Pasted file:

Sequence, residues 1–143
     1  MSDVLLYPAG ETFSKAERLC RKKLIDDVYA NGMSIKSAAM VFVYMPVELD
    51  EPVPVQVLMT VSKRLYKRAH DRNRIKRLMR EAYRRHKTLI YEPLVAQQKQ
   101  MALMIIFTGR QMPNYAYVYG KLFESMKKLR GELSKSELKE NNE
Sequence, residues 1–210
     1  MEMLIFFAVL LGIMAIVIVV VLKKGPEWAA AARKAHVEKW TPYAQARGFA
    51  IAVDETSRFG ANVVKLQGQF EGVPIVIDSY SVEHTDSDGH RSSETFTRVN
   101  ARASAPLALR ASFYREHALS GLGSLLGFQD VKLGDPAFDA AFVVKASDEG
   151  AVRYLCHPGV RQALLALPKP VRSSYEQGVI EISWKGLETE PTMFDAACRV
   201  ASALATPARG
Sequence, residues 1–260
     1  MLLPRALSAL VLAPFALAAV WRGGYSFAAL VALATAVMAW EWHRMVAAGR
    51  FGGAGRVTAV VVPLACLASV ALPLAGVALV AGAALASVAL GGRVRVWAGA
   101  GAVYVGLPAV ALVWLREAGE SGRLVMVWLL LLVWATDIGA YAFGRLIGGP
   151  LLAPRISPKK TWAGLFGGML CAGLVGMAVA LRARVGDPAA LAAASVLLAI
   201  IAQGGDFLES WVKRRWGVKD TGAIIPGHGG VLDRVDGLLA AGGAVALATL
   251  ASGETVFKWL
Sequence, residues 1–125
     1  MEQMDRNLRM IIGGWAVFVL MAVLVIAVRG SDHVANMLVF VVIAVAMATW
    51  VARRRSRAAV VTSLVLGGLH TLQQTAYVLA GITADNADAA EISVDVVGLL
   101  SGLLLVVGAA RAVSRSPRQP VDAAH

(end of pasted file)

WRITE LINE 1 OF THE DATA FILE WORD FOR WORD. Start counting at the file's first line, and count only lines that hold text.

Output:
Sequence, residues 1–143